The Smoke: My Friend Jack Eats Sugar Lumps

Four lads from York who shook the world – almost.

You can trust Louder Our experienced team has worked for some of the biggest brands in music. From testing headphones to reviewing albums, our experts aim to create reviews you can trust. Find out more about how we review.

They may have been wet behind the ears when they decamped from the North to the Big Black Smoke in the mid-60s, but it didn’t take long for John ‘Zeke’ Lund, Mick Rowley, Malcolm Luker and Geoff Gill to acclimatise.

Their first managers were the Kray Twins, who put the frighteners on from the off. Sir Joe Lockwood intervened and The Smoke made their garage-psych entry with My Friend Jack, a blatant send-up of LSD culture that was far too graphic for radio consumption, though a censored version hovered around the charts.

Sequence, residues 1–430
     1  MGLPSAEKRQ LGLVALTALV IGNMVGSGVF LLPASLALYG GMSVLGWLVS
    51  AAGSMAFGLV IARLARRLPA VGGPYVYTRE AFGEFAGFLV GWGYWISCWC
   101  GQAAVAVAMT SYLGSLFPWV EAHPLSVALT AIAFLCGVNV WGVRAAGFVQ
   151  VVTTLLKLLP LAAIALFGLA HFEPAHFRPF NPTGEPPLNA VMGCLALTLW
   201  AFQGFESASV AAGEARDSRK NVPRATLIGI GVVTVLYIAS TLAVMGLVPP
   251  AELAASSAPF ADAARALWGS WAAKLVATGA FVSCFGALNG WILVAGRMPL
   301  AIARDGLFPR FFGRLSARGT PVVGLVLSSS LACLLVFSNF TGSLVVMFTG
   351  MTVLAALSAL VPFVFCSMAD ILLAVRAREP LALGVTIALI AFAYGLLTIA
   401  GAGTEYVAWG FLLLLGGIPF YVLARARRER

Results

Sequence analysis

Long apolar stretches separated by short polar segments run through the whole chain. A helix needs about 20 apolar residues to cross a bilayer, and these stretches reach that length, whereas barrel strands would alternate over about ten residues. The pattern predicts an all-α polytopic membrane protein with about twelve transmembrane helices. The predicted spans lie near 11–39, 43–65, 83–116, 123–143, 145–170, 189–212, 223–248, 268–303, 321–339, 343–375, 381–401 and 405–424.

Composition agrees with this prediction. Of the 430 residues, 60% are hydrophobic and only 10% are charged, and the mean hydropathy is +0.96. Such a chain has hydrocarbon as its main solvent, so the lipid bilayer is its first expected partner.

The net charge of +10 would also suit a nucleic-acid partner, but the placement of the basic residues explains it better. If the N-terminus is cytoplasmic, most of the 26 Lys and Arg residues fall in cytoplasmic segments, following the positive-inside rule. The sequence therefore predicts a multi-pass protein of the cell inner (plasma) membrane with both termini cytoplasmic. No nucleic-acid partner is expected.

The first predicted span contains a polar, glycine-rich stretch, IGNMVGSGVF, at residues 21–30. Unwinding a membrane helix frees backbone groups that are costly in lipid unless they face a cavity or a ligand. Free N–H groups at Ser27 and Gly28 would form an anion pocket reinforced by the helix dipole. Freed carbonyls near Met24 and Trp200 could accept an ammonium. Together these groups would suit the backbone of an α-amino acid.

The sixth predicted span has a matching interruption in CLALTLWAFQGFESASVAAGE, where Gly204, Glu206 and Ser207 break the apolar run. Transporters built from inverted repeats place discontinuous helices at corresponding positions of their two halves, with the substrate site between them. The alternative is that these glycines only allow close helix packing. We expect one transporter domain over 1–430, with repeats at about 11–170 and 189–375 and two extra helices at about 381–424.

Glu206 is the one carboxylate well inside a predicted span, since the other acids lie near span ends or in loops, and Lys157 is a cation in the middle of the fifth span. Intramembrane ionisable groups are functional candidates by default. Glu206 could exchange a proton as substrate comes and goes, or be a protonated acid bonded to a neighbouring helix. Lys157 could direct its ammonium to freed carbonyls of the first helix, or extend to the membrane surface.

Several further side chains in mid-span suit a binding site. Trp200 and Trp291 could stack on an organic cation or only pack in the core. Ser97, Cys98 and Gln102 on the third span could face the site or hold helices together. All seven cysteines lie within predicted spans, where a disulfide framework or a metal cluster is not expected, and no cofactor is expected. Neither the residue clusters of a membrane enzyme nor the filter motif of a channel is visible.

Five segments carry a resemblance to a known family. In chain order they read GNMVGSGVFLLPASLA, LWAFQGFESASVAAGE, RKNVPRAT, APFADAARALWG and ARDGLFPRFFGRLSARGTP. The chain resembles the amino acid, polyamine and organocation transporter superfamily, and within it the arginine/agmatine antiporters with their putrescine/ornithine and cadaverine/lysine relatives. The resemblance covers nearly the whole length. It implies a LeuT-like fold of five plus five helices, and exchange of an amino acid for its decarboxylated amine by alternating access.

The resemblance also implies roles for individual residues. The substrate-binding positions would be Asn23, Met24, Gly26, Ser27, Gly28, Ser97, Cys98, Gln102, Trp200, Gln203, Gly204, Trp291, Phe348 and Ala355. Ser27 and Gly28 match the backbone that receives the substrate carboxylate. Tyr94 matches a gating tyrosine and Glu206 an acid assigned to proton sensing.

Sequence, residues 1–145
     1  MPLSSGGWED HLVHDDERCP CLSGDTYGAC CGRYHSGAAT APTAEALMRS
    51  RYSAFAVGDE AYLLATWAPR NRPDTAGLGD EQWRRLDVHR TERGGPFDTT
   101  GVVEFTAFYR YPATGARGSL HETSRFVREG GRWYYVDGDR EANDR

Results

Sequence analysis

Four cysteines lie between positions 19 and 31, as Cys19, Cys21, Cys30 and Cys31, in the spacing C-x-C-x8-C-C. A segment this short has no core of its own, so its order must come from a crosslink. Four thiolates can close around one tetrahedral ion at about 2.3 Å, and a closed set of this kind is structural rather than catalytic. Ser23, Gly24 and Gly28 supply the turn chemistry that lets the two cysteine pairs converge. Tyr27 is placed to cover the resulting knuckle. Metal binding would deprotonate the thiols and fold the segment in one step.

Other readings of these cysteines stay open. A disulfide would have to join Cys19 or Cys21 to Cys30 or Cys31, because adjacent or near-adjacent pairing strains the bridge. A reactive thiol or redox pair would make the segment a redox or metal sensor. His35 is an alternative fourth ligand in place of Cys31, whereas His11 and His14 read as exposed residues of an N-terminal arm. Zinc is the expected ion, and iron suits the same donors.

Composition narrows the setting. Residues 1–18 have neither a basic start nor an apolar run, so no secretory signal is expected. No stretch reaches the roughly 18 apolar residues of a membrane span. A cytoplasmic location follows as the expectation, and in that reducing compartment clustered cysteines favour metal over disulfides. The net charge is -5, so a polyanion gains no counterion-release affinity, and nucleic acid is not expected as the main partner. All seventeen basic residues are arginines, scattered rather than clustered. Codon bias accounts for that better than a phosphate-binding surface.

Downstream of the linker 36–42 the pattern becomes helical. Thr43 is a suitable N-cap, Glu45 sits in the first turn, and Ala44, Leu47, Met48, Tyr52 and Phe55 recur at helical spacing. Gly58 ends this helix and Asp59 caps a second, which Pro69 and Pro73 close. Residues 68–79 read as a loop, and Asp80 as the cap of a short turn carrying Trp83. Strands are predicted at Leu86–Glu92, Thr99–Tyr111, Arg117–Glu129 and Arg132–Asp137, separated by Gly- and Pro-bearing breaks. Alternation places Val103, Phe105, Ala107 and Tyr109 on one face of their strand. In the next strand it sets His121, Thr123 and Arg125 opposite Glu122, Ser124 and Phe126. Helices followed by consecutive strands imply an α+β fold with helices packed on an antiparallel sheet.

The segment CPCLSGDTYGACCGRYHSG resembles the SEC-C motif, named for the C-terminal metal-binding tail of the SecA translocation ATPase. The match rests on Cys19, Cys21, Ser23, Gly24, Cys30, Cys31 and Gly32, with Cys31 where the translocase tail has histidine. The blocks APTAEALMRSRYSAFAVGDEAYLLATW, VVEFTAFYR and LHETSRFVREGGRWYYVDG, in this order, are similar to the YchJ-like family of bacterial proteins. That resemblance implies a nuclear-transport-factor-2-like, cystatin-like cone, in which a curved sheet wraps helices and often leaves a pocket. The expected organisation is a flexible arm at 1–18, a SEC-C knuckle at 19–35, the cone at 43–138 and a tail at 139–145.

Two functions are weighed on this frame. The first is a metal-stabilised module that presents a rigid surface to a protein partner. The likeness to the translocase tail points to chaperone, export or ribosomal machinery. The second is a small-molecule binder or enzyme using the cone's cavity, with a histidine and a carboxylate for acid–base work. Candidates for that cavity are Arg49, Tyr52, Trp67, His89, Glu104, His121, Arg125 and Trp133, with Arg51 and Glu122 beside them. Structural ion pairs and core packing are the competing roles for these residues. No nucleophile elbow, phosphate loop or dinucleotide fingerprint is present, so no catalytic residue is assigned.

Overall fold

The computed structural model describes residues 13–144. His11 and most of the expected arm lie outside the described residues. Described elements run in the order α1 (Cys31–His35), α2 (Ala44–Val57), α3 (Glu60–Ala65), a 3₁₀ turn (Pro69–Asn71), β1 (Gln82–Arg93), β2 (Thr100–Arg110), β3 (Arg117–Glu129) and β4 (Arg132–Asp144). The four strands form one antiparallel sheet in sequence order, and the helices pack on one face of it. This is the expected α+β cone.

So it went: The Smoke were sophisticated parodists who sat outside the trends and mocked them on High In A Room and If The Weather’s Sunny while still sounding authentic.

They rather lost their point with detours into faux country (Guy Fawkes) and the not-quite-as-good-as-The Move pastiche Ride Ride Ride (Dick Turpin). When the fancy took them they knocked off piss-takes of T. Rex and glam in general on the stompy Sugar Man and the ridiculous Shagalagalu.

A personnel change saw the arrival of Wilson Malone, fresh from Fickle Pickle and the immense Boback, Jons, Malone combo. Malone encouraged sonic progression; 1974’s Gimme Good Loving resembles a Supergrass prototype.

This three-CD collection gathers it all up along with oddities and some live-in-‘67 mod freakbeat./o:p

Max Bell

Max Bell worked for the NME during the golden 70s era before running up and down London’s Fleet Street for The Times and all the other hot-metal dailies. A long stint at the Standard and mags like The Face and GQ kept him honest. Later, Record Collector and Classic Rock called.